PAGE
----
--K. L. Gorman, Minnesota State University--Mankato

Lehigh University Press Announces New Director, Kate Crassons
 
We are proud to welcome Kate Crassons aboard as the new Press director. A member of Lehigh University’s English faculty, her research focuses on late medieval English literature and culture with a particular interest in religion. Her book, The Claims of Poverty: Literature, Culture, and Ideology in Late Medieval England was published by the University of Notre Dame Press in 2010. She is currently working on a new book project concerning faith, epistemology, and miracles in late medieval and early modern England. Her expertise and experience will ensure the continued quality of our publications.
 
Lehigh University Press Announces a New Series
 
We are also proud to announce our new series in Africana Studies under the general editorship of James Braxton Peterson, Director of Africana Studies at Lehigh University. A specialist in Hip Hop culture, Professor Peterson publishes broadly in African American Literature, Africana Studies, and Media and Politics. We expect the series to draw innovative projects that are formative and reflective of Black Diasporic scholarly inquiry.
 
Lehigh University Press Announces New Series Editor
 
We are pleased to announce that Xi Lian, Professor of History at Duke Divinity School, will be the new series editor for our recently renamed series, "Studies of Christianity in China." A specialist in religious and intellectual encounters between China and the West, Professor Lian is the author of The Conversion of Missionaries: Liberalism in American Protestant Missions in China, 1907-1932 (Pennsylvania State University Press, 1997) and Redeemed by Fire: The Rise of Popular Christianity in Modern China (Yale University Press, 2010). He takes over from series-founder Kathleen L. Lodwick, who recently retired, but continues her busy research agenda.
 
Lehigh University Press Publication Featured on PCN's "Pennsylvania Books"
 
Franklin L. Kury appears on the Pennsylvania Cable Network's program "PA Books" (premiering January 29, 2012). Kury's book, "Clean Politics, Clean Streams: A Legislative Autobiography and Reflections" was published by the Lehigh University Press in 2011 and recounts his efforts to enact an environmental amendment to the Pennsylvania state constitution, a comprehensive clean streams law, the gubernatorial disability law, and other significant pieces of legislation. For more information about this appearance, please visit www.pcntv.com.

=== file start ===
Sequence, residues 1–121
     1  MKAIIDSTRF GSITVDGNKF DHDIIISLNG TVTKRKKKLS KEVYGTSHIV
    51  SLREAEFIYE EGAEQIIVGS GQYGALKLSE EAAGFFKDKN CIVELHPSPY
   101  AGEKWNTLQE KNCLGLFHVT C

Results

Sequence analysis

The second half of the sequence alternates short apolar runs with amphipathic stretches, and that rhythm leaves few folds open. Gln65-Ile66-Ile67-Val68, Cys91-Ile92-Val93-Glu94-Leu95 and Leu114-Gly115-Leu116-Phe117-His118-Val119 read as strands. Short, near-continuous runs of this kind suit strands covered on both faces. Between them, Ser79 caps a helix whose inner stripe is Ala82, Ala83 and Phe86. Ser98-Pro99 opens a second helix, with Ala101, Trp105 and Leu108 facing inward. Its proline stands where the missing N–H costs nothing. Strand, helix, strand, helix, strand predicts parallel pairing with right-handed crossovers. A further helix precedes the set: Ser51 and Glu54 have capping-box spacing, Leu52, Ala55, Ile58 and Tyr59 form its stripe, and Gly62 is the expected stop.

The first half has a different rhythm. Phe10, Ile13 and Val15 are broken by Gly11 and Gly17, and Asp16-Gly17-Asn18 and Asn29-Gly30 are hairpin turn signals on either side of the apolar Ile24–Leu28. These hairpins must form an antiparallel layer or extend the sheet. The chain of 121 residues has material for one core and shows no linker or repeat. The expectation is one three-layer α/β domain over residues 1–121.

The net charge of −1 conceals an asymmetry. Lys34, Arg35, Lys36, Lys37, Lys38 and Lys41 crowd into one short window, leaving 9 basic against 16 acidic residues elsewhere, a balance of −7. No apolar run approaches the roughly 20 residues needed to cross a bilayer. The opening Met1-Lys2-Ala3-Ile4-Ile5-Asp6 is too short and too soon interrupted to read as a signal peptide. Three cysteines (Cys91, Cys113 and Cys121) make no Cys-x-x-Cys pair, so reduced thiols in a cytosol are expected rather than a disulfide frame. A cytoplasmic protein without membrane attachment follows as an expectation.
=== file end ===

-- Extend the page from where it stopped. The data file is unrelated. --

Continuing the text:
Lehigh University Press joins Rowman & Littlefield Publishing
 
Lehigh University Press was delighted to join the academic consortium at Rowman & Littlefield Publishing Group. Rowman & Littlefield is one of the largest independent publishers and distributors in North America. With its commitment to encouraging superior scholarship and its very high design standards, we look forward to continuing to publishing excellent scholarship while reaching more markets. RLPG is also at the forefront of electronic publishing, and our books will be simultaneously available through 48 e-publishing vendors. As always, Lehigh University Press maintains editorial control over our publications and over the manuscript review and revision process.
 
To read more about its mission and marketing, and to see why we are delighted to join its consortium, please visit their webpage at http://www.rowmanlittlefield.com/About/
 
Award-Winning Publication
 
The Lehigh University Press is proud to announce that Dr. Sarah Fatherly's Gentlewomen and Learned Ladies: Women and Elite Formation in Eighteenth-Century Philadelphia (Lehigh University Press, 2008), is the winner of the 2010 Philip S. Klein Book Prize for the best book on Pennsylvania history. This prestigious award is given every two years by the Pennsylvania Historical Association.